“Money Road” was the last song written, inspired by a trip to Money and the grocery store where Emmitt Till allegedly flirted with a white woman in 1955. Four days later, two white men kidnapped Till, beat him, and shot him They were acquitted by an all-white, all-male jury in a case that galvanized the Civil Rights Movement.
Leventhal and Cash were surprised how close Robert Johnson’s grave is to the Tallahatchie Bridge and to Money, Mississippi. Cash put them both in the song, a slow piano blues. Johnson is the “voice we’ll never understand” and Till is “a lonesome boy in a foreign land.” “Neither one got very far, out on Money Road,” Cash sings.
But the album is not a novel and part of its genius lies in the sound, the enduring sounds of the Delta, the South, and Americana. “What the lyrics hang on musically is half the picture, if not more, Cash says. “The nod to all of those forms that are so powerful, so American: Delta blues, Appalachian, Southern gospel, country pop, folk. All of that. It’s really ours. ”
Leventhal wrote the music and Cash wrote the lyrics with a little help Her ex-husband, Rodney Crowell collaborated on “When the Master Calls the Roll,” a song set in Virginia. They recorded it in Crowell’s Nashville studio. He invited a couple of buddies — Kris Kristofferson, John Prine and Tony Joe White — in for the sessions. White at first declined to sing, but eventually couldn’t resist.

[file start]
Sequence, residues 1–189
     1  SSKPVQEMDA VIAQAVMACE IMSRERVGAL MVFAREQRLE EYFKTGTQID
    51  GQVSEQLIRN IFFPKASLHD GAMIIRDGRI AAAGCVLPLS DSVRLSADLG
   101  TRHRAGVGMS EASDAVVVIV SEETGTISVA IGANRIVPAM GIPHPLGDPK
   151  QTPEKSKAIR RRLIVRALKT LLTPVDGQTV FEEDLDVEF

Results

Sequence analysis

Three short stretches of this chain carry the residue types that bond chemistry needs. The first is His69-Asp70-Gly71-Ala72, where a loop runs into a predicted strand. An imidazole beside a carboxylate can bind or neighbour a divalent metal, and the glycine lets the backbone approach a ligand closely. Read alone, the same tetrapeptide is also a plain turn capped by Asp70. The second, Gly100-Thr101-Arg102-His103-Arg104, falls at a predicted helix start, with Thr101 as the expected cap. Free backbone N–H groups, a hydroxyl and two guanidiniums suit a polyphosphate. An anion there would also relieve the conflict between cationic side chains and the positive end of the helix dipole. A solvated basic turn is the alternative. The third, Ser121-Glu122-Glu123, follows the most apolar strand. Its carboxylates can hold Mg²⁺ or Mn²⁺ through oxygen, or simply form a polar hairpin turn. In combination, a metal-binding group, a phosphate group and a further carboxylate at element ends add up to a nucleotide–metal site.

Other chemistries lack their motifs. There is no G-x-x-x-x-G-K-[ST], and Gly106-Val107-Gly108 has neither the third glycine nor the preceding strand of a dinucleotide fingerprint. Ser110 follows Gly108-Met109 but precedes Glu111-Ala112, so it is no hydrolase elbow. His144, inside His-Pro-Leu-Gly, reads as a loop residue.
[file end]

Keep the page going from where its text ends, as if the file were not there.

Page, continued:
Cash often visited the homestead of her stepmother, June Carter Cash, near Hiltons called Macey Springs. “That spot in the mountains where my stepmother was from is so special,” she says. The song was sparked by her son, Jake, doing a Civil War project. They looked up ancestors in the Civil War database and found Cash’s on both sides, including a picture of William Cash. It turns out all the Cash ancestors are from Virginia and settled in Westmoreland County before heading South.
“The last four lines came to me one day and it was so moving, I started crying,” she says. “I never took sides in teh song. We didn’t want to make it pro Confederate or pro Union. I was talking to my daughter about it and she said, you know Virginia went both ways, it was split (into West Virginia). That was perfect.”